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Sub-Antarctic Islands Cruise & Tour Information

Sub-Antarctic Islands

Why Visit

The far-flung Sub-Antarctic islands arc southward from New Zealand, crossing six degrees of latitude. Isolated and life-rich, they are considered one of the world’s biodiversity hotspots. For nature lovers, birders, photographers, and travelers whose inner explorer begs to venture where few have gone before, this UNESCO World Heritage Site is indeed paradise found.

Five island clusters belong to New Zealand. Macquarie, also part of the Sub-Antarctic collection, is an Australian territory. The islands offer you a chance to explore a wide array of volcanic and glaciated geography—including cave-riddled basalt cliffs, pristine sugar-sand beaches, wind-and-water-chiseled monolithic rock formations, and windswept grassy headlands. Walk through impressively tall stands of rata trees, among giant ferns and into the twisted world of elfin forests—home to melodious songbirds and stunning botanicals found nowhere else on the globe. Along the shoreline, search for the Hooker sea lions, their adorable pups piling atop one another. Snap a group portrait of huge elephant seals lolling about on the beach, and witness the awkward flight forays of young albatross and the graceful soar of their elders.

Cross off an additional eight species from your must-see penguin list on a single voyage to the Sub-Antarctic Islands. Two are found nowhere else in the world: the extremely rare yellow-eyed penguin of Enderby and the endemic Snares-crested penguin, which only nests on Snares Island. On Macquarie, the sight of over one million royal penguins and 200,000 pairs of kings will simply knock your socks off.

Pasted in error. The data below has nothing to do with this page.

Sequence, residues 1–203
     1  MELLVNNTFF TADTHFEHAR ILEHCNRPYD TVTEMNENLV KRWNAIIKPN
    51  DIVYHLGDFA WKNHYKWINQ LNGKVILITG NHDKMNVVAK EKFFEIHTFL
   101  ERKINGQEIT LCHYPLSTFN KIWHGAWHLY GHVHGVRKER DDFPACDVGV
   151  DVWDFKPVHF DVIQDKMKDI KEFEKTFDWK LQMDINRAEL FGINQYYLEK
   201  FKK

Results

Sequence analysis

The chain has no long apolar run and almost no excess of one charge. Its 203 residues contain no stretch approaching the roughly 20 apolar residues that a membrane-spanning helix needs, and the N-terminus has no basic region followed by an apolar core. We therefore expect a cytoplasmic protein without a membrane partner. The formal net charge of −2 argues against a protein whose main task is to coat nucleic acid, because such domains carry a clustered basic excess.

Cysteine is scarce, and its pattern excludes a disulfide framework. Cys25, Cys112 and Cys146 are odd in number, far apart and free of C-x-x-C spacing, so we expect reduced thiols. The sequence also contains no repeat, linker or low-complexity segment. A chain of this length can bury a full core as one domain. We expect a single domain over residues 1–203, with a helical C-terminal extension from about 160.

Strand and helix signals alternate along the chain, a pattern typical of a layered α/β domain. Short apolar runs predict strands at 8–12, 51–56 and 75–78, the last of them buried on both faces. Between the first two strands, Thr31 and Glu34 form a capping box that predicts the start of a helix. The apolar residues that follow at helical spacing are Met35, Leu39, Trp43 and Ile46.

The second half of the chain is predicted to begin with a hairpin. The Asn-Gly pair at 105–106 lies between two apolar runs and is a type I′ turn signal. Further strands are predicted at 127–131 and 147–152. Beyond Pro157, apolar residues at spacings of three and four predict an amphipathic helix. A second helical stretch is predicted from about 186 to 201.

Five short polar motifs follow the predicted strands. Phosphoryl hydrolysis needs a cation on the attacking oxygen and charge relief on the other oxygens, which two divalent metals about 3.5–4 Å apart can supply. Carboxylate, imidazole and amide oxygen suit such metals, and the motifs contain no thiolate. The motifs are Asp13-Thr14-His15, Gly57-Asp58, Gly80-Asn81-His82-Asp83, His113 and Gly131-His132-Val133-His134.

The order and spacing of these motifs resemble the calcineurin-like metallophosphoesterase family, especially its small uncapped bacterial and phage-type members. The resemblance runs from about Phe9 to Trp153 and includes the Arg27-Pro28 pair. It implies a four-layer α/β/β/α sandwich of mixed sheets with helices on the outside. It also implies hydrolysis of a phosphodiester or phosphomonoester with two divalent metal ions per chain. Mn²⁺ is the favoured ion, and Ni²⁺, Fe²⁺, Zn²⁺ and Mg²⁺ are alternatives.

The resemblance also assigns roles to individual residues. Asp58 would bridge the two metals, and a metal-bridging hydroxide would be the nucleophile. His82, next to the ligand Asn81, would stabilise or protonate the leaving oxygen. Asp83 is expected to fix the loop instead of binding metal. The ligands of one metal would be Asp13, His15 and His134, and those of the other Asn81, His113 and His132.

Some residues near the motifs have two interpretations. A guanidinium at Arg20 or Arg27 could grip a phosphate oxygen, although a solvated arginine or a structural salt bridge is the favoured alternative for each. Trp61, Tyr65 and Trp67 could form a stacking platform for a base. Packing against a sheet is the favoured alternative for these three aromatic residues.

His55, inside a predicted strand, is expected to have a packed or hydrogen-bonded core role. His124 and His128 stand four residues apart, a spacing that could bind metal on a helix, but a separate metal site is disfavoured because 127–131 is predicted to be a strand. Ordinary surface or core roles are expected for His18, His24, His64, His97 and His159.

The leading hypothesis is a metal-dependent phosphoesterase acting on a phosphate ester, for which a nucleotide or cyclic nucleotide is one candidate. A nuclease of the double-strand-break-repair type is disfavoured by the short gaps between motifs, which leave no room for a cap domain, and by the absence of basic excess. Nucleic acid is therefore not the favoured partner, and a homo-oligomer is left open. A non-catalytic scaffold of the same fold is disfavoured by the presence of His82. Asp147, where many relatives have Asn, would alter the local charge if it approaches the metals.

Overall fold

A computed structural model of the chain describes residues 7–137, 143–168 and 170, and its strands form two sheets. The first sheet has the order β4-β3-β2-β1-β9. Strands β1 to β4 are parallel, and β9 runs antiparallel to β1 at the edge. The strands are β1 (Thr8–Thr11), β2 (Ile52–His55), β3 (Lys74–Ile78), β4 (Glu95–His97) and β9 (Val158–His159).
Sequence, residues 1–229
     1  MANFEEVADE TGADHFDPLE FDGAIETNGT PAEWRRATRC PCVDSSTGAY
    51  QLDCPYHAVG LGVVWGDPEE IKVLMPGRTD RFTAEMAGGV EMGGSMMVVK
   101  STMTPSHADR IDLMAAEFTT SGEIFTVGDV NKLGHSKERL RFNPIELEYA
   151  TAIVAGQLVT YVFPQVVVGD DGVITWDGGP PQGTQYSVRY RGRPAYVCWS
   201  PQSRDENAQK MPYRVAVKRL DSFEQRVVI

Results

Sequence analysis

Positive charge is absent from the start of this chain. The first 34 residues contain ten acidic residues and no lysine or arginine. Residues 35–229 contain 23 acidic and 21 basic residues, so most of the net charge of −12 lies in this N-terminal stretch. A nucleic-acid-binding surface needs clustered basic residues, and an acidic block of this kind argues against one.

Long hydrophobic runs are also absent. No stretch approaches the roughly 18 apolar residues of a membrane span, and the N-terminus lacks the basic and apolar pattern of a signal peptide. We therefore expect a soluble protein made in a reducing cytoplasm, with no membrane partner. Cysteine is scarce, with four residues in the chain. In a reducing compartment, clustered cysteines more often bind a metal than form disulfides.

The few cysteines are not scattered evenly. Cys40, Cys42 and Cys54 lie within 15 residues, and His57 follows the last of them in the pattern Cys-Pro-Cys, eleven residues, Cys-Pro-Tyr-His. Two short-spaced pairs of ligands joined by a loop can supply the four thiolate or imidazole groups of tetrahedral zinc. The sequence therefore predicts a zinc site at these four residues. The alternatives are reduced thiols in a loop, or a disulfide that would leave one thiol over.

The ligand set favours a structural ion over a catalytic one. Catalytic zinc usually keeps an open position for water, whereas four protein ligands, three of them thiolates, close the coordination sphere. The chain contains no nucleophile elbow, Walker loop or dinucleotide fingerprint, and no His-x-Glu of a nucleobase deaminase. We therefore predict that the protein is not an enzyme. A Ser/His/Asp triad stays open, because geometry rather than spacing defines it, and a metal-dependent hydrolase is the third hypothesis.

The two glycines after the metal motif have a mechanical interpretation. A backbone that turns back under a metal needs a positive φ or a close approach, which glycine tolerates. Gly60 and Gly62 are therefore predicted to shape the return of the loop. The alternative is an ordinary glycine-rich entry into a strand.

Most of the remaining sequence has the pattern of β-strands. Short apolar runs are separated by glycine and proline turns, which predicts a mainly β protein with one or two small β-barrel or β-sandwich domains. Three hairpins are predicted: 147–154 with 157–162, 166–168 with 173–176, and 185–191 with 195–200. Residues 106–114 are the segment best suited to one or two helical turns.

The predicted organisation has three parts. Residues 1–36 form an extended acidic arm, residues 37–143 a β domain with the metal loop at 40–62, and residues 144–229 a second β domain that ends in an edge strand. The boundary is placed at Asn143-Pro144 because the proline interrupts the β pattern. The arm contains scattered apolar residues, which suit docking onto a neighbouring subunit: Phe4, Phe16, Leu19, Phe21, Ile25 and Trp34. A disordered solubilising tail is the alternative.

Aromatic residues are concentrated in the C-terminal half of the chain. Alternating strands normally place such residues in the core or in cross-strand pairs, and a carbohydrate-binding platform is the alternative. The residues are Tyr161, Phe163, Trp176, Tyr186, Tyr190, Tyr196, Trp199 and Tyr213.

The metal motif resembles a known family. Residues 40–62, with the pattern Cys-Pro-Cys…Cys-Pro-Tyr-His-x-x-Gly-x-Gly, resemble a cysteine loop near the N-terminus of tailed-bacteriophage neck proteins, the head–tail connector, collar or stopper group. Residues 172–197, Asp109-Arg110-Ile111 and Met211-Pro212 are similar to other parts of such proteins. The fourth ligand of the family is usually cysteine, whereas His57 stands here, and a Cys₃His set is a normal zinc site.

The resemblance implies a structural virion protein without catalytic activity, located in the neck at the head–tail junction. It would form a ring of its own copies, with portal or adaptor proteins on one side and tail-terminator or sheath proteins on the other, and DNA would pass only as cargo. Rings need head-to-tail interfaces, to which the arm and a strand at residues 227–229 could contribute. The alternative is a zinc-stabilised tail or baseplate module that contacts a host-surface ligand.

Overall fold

Whether surveying wild and scenic vistas from the deck of your ship, zipping past craggy cliffs on Zodiac inflatable boats, stepping onto shores only a lucky few have explored, or hiking through forests rooted in the beginning of time, a Sub-Antarctic cruise allows the intrepid traveler a truly privileged glimpse into a magical world.

Note: For travelers wishing to continue the adventure, a Ross Sea expedition travels deep into the Antarctic continent, offering the rare opportunity to observe emperor penguins in their natural habitat at certain times of year. For information, visit the Ross Sea page of our Research section.


No single discoverer can put his name on the collective Sub-Antarctics, and the distance between the widely spread islands is too great for sailors to simply happen upon them. The captain of a whaling vessel made the first European record of the islands on August 18, 1806, thanks to a new shipping route established between Australia and Cape Horn that passed between the five archipelagos. But prehistoric artifacts found on the islands prove that early seafaring Polynesians were there far earlier.